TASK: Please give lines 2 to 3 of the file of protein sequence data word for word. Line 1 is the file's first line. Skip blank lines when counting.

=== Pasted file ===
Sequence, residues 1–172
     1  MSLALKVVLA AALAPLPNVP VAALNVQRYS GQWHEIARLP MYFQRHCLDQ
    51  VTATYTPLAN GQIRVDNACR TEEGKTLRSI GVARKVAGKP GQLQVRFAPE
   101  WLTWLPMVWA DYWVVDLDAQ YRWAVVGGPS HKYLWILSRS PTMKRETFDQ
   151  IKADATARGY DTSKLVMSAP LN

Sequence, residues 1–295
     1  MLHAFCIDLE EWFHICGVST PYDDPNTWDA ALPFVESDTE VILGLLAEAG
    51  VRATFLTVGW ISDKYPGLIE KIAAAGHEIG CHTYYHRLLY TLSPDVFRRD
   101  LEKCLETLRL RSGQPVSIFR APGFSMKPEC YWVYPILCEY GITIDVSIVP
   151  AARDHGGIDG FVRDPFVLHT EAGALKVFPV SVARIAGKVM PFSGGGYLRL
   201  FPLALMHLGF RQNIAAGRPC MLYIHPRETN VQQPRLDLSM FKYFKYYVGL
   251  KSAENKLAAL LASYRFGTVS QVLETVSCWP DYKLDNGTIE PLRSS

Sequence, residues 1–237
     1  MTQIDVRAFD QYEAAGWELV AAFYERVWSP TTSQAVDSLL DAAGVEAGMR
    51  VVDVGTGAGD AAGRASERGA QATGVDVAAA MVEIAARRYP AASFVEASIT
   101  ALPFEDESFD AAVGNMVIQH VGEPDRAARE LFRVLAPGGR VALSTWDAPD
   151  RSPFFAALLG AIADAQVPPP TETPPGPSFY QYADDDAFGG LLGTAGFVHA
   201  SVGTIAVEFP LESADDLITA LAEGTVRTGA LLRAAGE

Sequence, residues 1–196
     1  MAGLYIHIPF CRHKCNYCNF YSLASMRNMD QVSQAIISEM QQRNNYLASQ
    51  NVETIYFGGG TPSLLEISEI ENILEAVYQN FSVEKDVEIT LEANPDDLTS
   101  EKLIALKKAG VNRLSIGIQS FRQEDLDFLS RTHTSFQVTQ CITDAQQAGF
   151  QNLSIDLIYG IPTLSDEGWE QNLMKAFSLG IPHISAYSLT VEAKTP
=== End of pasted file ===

     1  MSLALKVVLA AALAPLPNVP VAALNVQRYS GQWHEIARLP MYFQRHCLDQ
    51  VTATYTPLAN GQIRVDNACR TEEGKTLRSI GVARKVAGKP GQLQVRFAPE